The Sanford Campaign Takes a Turn for the Absurd

This is what happens when a candidate starts to panic.

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Then-South Carolina Gov. Mark Sanford speaks to the media in front of St. Philip's Church in downtown Charleston, S.C. Wednesday Dec. 9, 2009.
Former South Carolina Gov. Mark Sanford could be in trouble in the race for South Carolina's 1st District congressional seat.

When it turned out that former South Carolina Governor Mark Sanford was not, as he had said, hiking on the Appalachian Trail, but rather visiting with his girlfriend in Argentina while his wife was back at the homestead, Sanford's defense was, essentially, that he was just a crazy kid in love.

The "crazy" part is starting to look a bit more credible.

It's a reasonable debate, whether a politician's personal life is anyone's business but his or her own, along with the families involved. So perhaps Sanford, who is making a run for an open congressional seat in a special election, could rightfully argue that while he surely hurt and humiliated his wife, it's really no one else's place to judge.

[See a collection of political cartoons on Congress.]

But what screw got turned inside his head when he asked his wife – the one person who indisputably has the right to judge his behavior – to run his congressional campaign? Calling it another bad judgment doesn't do it justice. Clinically self-centered is a better defense.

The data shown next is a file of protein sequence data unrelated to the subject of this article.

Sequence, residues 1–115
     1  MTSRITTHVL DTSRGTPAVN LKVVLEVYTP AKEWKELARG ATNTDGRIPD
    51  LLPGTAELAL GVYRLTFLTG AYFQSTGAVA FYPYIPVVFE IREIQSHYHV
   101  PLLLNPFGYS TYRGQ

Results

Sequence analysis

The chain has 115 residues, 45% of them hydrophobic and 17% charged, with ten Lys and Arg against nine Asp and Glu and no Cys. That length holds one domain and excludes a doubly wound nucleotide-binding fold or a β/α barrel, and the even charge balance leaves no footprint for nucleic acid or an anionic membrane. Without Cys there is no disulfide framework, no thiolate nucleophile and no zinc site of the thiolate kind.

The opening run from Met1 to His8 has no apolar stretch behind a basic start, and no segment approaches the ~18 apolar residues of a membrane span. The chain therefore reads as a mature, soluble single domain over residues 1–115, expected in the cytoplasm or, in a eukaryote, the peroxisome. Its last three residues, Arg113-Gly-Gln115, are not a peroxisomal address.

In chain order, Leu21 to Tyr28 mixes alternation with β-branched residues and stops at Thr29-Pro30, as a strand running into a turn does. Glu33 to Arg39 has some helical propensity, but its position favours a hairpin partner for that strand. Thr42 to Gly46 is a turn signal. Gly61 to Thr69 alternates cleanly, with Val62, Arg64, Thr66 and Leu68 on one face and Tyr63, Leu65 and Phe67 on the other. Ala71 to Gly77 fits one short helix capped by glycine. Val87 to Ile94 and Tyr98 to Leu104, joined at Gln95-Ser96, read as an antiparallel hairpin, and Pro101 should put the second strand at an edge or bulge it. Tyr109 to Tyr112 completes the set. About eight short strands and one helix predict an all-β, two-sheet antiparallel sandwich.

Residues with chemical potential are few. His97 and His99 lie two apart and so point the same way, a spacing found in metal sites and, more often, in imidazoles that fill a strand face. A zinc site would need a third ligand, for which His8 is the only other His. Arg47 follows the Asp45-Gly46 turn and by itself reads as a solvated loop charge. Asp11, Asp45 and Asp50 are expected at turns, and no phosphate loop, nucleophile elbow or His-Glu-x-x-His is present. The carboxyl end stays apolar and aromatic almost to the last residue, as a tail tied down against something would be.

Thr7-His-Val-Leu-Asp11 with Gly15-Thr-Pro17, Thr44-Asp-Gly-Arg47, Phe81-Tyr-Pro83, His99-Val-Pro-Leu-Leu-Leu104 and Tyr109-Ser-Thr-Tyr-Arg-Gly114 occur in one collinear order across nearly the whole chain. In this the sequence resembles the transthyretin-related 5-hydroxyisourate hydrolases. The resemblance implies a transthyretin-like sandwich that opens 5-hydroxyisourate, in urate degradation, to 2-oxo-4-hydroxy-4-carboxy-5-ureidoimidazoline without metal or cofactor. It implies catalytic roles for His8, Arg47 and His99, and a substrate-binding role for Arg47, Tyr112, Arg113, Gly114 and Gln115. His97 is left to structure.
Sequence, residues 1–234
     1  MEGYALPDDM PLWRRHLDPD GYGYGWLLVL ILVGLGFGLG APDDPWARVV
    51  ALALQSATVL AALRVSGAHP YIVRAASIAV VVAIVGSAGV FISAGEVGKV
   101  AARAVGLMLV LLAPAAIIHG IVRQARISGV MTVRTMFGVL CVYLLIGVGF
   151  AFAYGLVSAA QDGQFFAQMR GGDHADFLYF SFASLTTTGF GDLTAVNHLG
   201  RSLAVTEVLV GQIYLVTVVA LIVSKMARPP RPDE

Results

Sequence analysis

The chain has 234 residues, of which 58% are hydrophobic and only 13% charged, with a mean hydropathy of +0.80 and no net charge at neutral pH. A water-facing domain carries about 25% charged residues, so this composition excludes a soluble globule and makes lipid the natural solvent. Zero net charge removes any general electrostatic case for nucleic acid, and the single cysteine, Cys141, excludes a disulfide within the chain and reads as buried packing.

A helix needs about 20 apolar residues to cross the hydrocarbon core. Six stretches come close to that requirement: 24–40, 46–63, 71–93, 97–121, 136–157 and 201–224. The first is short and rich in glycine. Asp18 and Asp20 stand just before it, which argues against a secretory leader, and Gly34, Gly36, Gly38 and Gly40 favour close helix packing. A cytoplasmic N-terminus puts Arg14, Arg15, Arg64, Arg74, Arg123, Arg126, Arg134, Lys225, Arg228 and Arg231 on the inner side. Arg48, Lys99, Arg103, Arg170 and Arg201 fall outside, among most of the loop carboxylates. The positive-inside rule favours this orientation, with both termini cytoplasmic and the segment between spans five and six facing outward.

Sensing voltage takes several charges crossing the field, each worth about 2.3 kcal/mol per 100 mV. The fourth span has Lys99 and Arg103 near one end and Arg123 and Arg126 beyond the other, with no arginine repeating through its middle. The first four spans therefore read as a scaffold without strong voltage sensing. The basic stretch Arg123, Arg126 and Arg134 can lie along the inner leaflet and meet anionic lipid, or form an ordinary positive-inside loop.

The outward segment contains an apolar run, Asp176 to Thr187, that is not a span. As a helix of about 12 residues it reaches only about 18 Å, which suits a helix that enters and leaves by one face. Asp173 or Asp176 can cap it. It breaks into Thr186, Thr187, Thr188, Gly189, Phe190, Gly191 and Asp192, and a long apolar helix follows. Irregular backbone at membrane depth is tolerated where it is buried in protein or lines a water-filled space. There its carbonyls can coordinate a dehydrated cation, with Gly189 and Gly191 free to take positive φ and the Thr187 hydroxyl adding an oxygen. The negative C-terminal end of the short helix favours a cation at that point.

Then, Sanford showed up at the family homestead without permission and in violation of the rules of their divorce. Sanford says he just wanted to watch the Super Bowl with his 14-year-old son. He was discovered by Jenny Sanford, his ex-wife, as he was leaving the house, using his cell phone as a flashlight.

Even in the current, embarrassing state of Congress, this does not qualify as congressional behavior. Jenny Sanford accused him of trespassing and the National Republican Congressional Committee pulled its financial support.

Now, Sanford – trailing Democrat Elizabeth Colbert Busch by a stunning nine points in a recent PPP poll – has gotten rather desperate, "debating" a cardboard cutout of House Democratic Leader Nancy Pelosi, saying Pelosi was a stand-in for his opponent, who has agreed to debate Sanford once, instead of the four times Sanford wants.

Pelosi may be unpopular – a recent poll shows her with higher negatives than positives – but the tactic is not the sort used by someone who has a fighting chance of winning the race. It looks panicky. And on paper, the GOP candidate in the red district should not be panicking; he or she should be celebrating long before the votes are counted. Sanford, however, appears in danger of losing what should be an automatic keep for the Republicans. Perhaps he just needs a vacation. Did someone suggest the Appalachian Trail?

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